Laurie Gould: Don


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If it's broke, fix it

Saturday was Yom Kippur, the Jewish Day of Atonement.  You're supposed to approach the day in a spirit of brokenness, and through fasting and meditation, you find community and healing.   It all came off pretty much as planned:  what with one thing and another, I started the day feeling very broken indeed; and after 26 hours of fasting and meditation my spirit was much on the mend.

Sadly, after a day and a half in a crappy auditorium chair, that sense of brokenness had moved from my spirit to my lower back.  And so early the next morning, I headed off to yoga for a little more healing.

Me and my breasts in Orlando

It has been a long and challenging summer, characterized by cancelled vacation plans, too much work, a lingering summer cold, and other travails with which I need not bore you.  So today I decided to cheer myself up by shopping for bras.


Stick to your ribs

My blog post from a few days ago centered on a visual pun involving a condom.   I actually got this idea a couple of weeks ago.   So I went straight to CVS to buy the goods.

And I stocked up on razors.

Practicing Safe Apples

A lovely weekend in July, and I have spent a chunk of it putting pantyhose on the apples in the two trees in my garden:


Killing it at the bake sale

I have been a parent for 21+ years -- 22 if you count the prior nine months during which I responsibly refrained from alcohol and high-mercury fish.   As a parent, bake sales loom large in my consciousness.   Two of the songs on my new album -- that's over 15% -- actually feature bake sales as a prominent theme.   But this month, after more than two decades, I have finally found the key to mastering the bake sale.  So as a public service, I share my new-found knowledge with you now.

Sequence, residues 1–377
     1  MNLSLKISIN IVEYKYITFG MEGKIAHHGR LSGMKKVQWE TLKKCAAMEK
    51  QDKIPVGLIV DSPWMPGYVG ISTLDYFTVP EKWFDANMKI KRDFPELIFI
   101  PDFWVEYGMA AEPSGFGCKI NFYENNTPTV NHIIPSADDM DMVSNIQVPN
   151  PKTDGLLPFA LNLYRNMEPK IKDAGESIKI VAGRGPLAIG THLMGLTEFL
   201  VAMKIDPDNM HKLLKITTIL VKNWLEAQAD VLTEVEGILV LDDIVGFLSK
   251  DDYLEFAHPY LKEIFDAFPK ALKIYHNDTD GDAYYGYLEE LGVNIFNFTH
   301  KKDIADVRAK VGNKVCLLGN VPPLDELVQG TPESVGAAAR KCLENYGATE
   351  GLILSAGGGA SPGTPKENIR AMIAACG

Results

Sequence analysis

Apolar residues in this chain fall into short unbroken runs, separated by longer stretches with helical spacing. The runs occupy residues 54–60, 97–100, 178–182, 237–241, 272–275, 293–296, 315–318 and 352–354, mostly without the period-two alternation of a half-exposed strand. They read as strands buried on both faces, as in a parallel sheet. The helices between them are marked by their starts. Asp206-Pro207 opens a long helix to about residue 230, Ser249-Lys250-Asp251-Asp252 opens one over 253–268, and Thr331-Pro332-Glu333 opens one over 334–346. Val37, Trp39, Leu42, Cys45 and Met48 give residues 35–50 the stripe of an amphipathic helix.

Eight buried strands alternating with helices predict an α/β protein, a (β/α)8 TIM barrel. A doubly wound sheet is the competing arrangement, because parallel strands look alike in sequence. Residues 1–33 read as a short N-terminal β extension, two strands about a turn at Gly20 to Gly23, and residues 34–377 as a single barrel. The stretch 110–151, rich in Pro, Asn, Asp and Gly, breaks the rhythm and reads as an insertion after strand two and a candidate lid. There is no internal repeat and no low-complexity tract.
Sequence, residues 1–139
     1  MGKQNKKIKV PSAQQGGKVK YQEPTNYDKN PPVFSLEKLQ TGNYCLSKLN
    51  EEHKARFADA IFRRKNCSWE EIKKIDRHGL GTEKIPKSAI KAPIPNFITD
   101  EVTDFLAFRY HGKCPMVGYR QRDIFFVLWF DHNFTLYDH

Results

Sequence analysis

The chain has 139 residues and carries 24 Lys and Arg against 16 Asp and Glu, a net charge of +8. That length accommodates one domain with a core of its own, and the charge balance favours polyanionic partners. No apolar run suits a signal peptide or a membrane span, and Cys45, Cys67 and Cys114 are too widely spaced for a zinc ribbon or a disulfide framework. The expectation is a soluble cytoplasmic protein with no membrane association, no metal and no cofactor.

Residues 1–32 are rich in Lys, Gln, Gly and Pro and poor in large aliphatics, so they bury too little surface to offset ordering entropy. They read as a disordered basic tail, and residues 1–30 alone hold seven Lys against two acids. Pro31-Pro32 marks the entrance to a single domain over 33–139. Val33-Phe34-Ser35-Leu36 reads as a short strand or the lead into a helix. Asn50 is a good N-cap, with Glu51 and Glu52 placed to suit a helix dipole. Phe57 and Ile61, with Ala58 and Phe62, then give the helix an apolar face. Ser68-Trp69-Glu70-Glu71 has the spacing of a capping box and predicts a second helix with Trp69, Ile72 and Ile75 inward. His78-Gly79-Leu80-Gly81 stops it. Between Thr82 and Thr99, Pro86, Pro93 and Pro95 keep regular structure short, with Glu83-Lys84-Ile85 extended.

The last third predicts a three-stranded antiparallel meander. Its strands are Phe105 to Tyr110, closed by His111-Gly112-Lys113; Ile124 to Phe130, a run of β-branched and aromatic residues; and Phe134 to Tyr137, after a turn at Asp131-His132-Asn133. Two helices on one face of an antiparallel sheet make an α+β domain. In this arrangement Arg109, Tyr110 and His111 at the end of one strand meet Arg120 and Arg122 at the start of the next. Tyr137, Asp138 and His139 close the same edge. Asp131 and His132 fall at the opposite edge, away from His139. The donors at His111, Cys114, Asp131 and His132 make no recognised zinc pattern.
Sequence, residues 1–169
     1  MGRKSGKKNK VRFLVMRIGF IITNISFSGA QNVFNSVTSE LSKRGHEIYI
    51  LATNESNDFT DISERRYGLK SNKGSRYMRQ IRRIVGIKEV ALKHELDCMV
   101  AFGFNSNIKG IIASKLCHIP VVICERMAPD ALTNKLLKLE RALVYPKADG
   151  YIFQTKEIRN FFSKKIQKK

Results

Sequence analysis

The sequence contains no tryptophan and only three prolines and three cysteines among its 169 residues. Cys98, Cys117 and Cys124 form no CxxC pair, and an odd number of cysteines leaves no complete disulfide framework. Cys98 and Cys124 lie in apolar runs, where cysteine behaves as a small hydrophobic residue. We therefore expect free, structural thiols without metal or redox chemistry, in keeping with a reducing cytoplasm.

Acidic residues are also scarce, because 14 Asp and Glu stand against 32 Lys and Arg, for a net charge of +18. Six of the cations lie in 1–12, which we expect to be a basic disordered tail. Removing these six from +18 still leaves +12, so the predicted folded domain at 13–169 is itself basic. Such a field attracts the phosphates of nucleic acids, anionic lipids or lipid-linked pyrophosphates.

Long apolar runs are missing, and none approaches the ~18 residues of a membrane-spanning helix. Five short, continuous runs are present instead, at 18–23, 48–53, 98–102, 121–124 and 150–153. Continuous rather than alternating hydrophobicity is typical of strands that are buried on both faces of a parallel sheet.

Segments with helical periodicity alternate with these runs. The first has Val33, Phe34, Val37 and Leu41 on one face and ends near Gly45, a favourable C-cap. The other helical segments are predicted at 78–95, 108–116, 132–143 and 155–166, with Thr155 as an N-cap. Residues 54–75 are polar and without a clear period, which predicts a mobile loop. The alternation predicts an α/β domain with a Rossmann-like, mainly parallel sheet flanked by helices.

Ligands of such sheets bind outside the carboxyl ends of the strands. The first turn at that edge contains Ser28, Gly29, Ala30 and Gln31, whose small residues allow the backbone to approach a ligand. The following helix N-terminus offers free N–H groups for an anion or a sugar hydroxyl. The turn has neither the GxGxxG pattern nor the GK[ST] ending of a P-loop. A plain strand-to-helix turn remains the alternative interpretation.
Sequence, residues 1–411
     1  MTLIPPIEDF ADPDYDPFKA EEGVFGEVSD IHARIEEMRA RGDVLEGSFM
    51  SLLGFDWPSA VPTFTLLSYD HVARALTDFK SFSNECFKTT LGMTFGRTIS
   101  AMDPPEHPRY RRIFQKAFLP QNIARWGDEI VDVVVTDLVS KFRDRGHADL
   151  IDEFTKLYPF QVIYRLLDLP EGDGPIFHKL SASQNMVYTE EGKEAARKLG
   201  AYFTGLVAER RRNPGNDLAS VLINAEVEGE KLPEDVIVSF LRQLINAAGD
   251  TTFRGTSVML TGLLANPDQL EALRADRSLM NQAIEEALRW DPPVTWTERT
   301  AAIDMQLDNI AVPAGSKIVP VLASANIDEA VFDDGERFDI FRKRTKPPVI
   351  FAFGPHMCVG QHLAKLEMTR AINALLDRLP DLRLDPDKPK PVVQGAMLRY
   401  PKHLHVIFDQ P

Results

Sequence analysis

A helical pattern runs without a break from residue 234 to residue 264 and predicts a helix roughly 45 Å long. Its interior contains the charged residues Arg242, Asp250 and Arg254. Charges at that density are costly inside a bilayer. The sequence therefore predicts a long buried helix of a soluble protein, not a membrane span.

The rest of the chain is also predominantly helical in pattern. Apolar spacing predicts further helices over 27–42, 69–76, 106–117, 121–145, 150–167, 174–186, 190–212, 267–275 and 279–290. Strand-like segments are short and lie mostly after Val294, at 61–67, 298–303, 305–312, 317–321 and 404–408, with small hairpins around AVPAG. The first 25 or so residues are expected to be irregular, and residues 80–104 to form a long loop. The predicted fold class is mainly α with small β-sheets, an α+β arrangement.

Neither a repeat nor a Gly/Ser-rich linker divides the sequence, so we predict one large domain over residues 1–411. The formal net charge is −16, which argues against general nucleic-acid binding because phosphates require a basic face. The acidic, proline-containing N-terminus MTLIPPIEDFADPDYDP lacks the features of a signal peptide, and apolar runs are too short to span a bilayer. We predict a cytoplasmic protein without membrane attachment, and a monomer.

The Rites of Spring

Tis the season:   click on the song title to have a listen!   And even a free download, should you be so inclined:

Rites of Spring

Fig revisited

My fig tree is dead, an event ripe with metaphorical significance of biblical proportions.  And in last week's blog post I posed the question:  what does it mean?


A fig grew in Newton

My fig tree is dead.


A Massachusetts Yankee in King Louis' Court

I have spent the past week in Louisville for work.  While I am generally cranky about travel that takes me away from home and family for extended periods (in fact, I am cranky right now!), I have to say that I have found Louisville to be totally captivating.  We in the Northeast tend to be a little arrogant about our cosmopolitan lifestyles.   But really, we should get over ourselves.   Louisville has everything Boston has, and then some. 

To start with, these people know how to deploy plastic wildlife. 

Spring Fever

It's a Saturday, a little after 1:00; and as is my usual routine at this hour, I am waiting for my daughter to finish her clarinet lesson.  I'm about to eat a lovely lunch, washed down with a delicious latte, in a charming cafe.

And I am counting the minutes until I can escape this Hell and hit the garden.


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